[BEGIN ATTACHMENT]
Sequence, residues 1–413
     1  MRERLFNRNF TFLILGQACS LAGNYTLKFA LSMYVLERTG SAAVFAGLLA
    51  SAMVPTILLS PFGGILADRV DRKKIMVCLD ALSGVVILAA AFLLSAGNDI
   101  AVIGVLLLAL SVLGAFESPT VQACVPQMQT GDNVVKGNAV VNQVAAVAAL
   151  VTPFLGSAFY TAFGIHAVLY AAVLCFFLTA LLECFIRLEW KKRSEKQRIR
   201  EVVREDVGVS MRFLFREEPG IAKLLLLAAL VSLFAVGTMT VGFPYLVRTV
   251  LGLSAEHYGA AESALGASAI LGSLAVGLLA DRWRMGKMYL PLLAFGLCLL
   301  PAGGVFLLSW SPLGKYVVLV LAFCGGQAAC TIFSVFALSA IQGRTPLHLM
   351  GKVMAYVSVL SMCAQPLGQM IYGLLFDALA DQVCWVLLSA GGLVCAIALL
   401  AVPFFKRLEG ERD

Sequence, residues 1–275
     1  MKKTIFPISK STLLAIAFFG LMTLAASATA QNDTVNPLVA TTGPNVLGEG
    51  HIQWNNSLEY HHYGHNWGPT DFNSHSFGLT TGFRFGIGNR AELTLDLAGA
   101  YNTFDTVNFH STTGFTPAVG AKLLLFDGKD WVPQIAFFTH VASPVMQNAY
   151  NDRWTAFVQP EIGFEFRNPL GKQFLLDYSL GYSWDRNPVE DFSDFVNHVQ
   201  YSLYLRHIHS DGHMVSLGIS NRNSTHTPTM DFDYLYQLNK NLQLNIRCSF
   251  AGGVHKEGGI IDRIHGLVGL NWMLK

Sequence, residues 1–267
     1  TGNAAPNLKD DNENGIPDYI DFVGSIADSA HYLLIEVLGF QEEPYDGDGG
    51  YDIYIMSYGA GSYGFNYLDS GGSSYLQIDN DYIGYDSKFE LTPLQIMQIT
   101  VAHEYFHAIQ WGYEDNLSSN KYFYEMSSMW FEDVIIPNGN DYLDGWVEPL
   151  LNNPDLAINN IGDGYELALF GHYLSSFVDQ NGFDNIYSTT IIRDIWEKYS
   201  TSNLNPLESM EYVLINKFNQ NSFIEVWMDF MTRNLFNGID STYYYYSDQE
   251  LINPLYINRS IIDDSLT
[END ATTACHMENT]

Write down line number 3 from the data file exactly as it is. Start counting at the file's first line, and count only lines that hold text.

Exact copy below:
    51  SAMVPTILLS PFGGILADRV DRKKIMVCLD ALSGVVILAA AFLLSAGNDI